Tailoring the shortest flashes of light

17 November, 2021

Custom-tailored ultra-short flashes will enable transition-specific experiments

Previous version of the optical setup used at DESY (Photo: DESY / Heiner Müller‐Elsner, Hamburg).

An international team of scientists from DESY, the University of Hamburg and the Massachusetts Institute of Technology in Cambridge (USA) has achieved the direct generation of isolated attosecond pulses, i.e. pulses with duration in the order of 10-18 seconds. This was possible thanks to a novel laser source providing finely controlled optical field waveforms which allows tuning the produced attosecond pulse properties, such as photon energy, spectrum and temporal duration. The results appeared in the journal Nature Communications.

The novel laser source employed in this experiment is called parametric waveform synthesizer (PWS). In the PWS, two few-cycle infrared pulses are combined in space and time to form a sub-optical-cycle pulse, and their relative phase and delay can be finely controlled. This means that not only the general shape of the pulses in time, its envelope, but also their detailed temporal structure (electro-magnetic field or optical field) can be controlled within a single oscillation of the field.

Depending on the relative phase between the pulses of the PWS, different X-ray spectra can be generated. The same is true when controlling the carrier-envelope phase (Credit: authors, partly from original publication, licensed under CC BY4.0).

The research team focused the laser pulses from the PWS into a noble gas target inside a vacuum chamber. Thereby, they generated isolated attosecond pulses via the process of high harmonic generation (HHG). In HHG, electrons are first separated from their atom due to the strong laser field. Then, the same field accelerates them for a time, corresponding to the duration of a single field oscillation (optical cycle), and the electrons acquire energy during the acceleration. Finally, when atoms and electrons recombine, the gained energy can be emitted in form of X-ray photons which constitute the attosecond pulses. Generally, the laser field driving the process contains few to several optical cycles. The HHG process occurs repeatedly for every optical cycle of the driver field, therefore generating multiple pulses besides the central one (non-isolated pulses). In this work, due to the sub-cycle duration of the laser field, the attosecond pulses were isolated which means there were no so-called pre- and post-pulses. Such well-isolated pulses allow for improved temporal resolution and contrast in follow-on time-resolved attosecond spectroscopic experiments. In addition, the possibility to control the phase between the infrared pulses allows for strong modulation of the generated spectra, as shown in the figures below.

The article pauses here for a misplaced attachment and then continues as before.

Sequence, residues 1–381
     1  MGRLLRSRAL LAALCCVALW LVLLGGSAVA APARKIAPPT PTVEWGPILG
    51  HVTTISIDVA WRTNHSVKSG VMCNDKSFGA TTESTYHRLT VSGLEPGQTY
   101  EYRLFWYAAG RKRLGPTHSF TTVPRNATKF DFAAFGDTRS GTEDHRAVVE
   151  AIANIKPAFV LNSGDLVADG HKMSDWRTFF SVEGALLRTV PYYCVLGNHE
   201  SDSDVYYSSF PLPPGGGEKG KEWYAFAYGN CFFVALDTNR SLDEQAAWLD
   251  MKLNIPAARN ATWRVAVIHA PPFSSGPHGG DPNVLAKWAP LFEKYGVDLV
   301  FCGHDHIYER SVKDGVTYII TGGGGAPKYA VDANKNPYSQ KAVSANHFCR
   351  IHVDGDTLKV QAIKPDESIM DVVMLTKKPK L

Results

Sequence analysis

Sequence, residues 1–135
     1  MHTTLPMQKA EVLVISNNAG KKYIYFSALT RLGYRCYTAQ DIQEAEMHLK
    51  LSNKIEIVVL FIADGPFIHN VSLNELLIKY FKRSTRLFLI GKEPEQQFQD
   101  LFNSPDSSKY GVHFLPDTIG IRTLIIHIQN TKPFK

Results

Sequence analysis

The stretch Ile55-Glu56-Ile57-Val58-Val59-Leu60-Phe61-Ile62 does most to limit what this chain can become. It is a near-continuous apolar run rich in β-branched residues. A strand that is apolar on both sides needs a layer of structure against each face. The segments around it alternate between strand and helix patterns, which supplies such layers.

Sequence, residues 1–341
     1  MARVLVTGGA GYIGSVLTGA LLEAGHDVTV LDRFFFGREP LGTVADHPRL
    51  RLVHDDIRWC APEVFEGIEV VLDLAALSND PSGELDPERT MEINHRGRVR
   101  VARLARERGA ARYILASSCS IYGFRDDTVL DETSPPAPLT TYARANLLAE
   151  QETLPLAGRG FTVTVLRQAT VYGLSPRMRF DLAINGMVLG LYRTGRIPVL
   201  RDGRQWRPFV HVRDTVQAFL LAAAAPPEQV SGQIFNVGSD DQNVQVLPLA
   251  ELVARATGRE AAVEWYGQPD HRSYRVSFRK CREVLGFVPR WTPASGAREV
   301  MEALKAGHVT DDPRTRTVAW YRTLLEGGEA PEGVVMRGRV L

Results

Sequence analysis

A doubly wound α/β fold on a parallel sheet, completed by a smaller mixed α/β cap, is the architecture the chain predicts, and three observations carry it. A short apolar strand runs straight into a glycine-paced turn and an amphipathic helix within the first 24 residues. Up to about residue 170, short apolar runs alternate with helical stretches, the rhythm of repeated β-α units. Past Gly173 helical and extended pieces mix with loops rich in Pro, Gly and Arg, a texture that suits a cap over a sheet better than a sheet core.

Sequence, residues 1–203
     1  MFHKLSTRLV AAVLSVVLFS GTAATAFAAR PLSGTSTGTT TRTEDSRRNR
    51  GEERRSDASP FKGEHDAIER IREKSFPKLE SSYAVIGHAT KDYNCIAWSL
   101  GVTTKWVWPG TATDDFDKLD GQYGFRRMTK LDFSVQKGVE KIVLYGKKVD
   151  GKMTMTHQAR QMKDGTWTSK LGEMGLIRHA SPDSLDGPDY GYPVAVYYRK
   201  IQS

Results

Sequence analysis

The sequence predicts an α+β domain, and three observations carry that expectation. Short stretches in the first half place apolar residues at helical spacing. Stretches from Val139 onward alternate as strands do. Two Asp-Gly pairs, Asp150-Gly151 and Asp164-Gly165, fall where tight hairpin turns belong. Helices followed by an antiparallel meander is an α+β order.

Some of the attosecond pulses were directly measured via attosecond streaking and show widely tunable duration (four cases on the first line) and spectrum (corresponding cases on the second line) (Credit. authors, partly from original publication, licensed under CC BY4.0).

The new source will be a "workhorse" for attosecond science which is devoted to the observation of the ultrafast motion of electrons in atoms and molecules in gas, liquid and solid phase. Up to now, attosecond science has been strongly limited by the reduced tunability of the pulse properties needed for a specific experiment. With the new findings, it will be possible to customise the laser pulses to the requirements of the system under investigation.
In addition, slight modifications of the present apparatus will allow for the generation of pulses in a spectral range, the so-called water-window region (282-533 eV). This region is of extreme interest for chemists and biologists because water is transparent to the radiation of this energy-range but not carbon, the main building-block of biological samples. Therefore, it will be possible to observe samples of molecular and biological systems in their natural water environment and at their natural time scale.

Strong-field Coherent Control of Isolated Attosecond Pulse Generation; Y. Yang, R. E. Mainz, G. M. Rossi, F. Scheiba, M. A. Silva-Toledo, P. D. Keathley, G. Cirmi, and F. X. Kärtner, Nature Communications (2021)
DOI: 10.1038/s41467-021-26772-0